The biggest difficulty here has to do with the way rental leases are often structured in Japan. Even when the actual monthly rent is low, is it typical here to pay an outrageous reikin (often translated as “key money” equal to several months rent, in addition to a month or two of rent upfront, and a deposit equal to a couple of months rent. I considered living in one of those foreigner guest houses for a couple of months, but I visited one and it seemed fairly lame, and I thought I could do cheaper. And I did. I managed to get very lucky and find a place which is very cheap, very well located, and has a contract that I can leave with no penalty. The building is, rather oddly, owned by a monk who actually lived inside the temple on Hiezan, the holy mountain on the NE corner of Kyoto, who is so seriously monk-y that he spent twenty years engaged in a special Esoteric Buddhist meditation where, although he could interact with people, he did not leave the mountain at all. Needless to say, his grasp of modern technology is rather weak.

The apartment is, while old, low-class, and rundown, is however, unlike Curzon’s aforementioned former place, actually an apartment. A small one, to be sure, (a single 6-tatami room and a 2.5 tatami kitchen area separated by sliding doors) but with a (very basic) kitchen, a (Japanese style) toilet, and a bath. What it lacks, however, is a shower. And the bath tap only produces cold water, so you have to fill it up, heat it up with the gas bath heater-that very annoyingly must be turned on from the veranda- and then wash yourself by sitting next to the tub and pouring water on yourself in a sort of poor-man’s psuedo-shower. But, at least there is an air conditioner. While far from ideal, the price was right. ¥25,000 a month, with no reikin, and only a one-month deposit that the monk landlord promises I will get back as long as there is no extraordinary damage. But considering the ragged tatami and old paint that was here when I moved in, the bar for that was set low. I believe that this is the lowest price you could possibly get in Kyoto for a room with private bath, and while on the shabby side, is still a solid two or three steps above the ¥13,000 room.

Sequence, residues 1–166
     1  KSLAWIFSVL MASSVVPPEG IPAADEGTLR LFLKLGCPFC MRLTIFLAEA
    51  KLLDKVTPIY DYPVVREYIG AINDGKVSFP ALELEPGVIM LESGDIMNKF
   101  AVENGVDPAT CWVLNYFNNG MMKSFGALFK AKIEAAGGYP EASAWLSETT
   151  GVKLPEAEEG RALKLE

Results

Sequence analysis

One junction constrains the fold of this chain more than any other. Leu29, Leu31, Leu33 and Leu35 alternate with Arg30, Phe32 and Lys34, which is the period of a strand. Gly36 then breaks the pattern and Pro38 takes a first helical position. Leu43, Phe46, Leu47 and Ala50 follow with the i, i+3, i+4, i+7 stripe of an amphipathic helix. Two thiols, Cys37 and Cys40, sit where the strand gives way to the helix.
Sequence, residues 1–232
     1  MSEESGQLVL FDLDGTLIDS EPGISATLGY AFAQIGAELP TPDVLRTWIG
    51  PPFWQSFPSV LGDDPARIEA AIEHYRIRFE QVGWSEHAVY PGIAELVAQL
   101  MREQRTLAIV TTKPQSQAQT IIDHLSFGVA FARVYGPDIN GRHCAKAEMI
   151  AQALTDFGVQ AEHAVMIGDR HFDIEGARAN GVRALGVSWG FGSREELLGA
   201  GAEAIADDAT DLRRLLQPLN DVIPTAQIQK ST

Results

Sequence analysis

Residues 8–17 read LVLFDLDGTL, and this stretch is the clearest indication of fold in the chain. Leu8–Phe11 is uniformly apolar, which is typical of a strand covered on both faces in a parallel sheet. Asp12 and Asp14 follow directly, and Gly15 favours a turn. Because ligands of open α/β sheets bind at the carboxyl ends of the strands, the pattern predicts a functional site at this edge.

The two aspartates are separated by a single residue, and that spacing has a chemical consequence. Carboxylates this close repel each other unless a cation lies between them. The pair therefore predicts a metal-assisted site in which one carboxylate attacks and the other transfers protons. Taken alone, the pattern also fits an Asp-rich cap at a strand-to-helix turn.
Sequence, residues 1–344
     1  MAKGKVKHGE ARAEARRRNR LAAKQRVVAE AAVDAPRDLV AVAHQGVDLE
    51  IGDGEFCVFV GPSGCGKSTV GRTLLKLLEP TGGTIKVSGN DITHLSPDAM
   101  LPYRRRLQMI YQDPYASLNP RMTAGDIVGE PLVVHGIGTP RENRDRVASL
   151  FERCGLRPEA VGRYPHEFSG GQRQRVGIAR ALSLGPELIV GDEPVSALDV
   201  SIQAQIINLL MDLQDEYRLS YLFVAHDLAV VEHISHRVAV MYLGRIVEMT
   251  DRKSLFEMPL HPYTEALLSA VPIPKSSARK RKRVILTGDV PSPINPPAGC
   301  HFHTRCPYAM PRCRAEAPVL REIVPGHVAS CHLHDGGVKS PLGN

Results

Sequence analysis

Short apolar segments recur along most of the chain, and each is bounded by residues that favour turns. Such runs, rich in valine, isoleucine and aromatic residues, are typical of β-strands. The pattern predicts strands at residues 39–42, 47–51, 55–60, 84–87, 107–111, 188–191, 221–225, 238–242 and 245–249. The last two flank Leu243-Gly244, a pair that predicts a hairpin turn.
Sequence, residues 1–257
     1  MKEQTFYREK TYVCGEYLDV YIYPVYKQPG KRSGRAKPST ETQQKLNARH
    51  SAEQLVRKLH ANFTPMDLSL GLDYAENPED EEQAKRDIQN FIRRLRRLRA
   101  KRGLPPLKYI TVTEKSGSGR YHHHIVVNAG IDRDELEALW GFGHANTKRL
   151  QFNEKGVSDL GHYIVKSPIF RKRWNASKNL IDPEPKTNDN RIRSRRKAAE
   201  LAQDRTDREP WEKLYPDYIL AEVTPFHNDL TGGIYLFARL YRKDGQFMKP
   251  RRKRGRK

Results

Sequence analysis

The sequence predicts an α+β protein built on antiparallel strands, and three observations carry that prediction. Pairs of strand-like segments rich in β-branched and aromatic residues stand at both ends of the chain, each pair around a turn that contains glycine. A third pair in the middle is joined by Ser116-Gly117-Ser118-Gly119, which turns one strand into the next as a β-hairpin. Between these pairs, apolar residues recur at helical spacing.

The landlord occasionaly drops off various gifts, senbei, expensive chocolates, fancy tea, etc. which I find hanging on my door handle every few weeks when I get home from somewhere. These are most likely gifts brought to the temple by parishioners, which the monks then redistribute for some reason. Two days ago I returned home to find a new treat, with an envelope containing the following note attached.

Mr. Roy Berman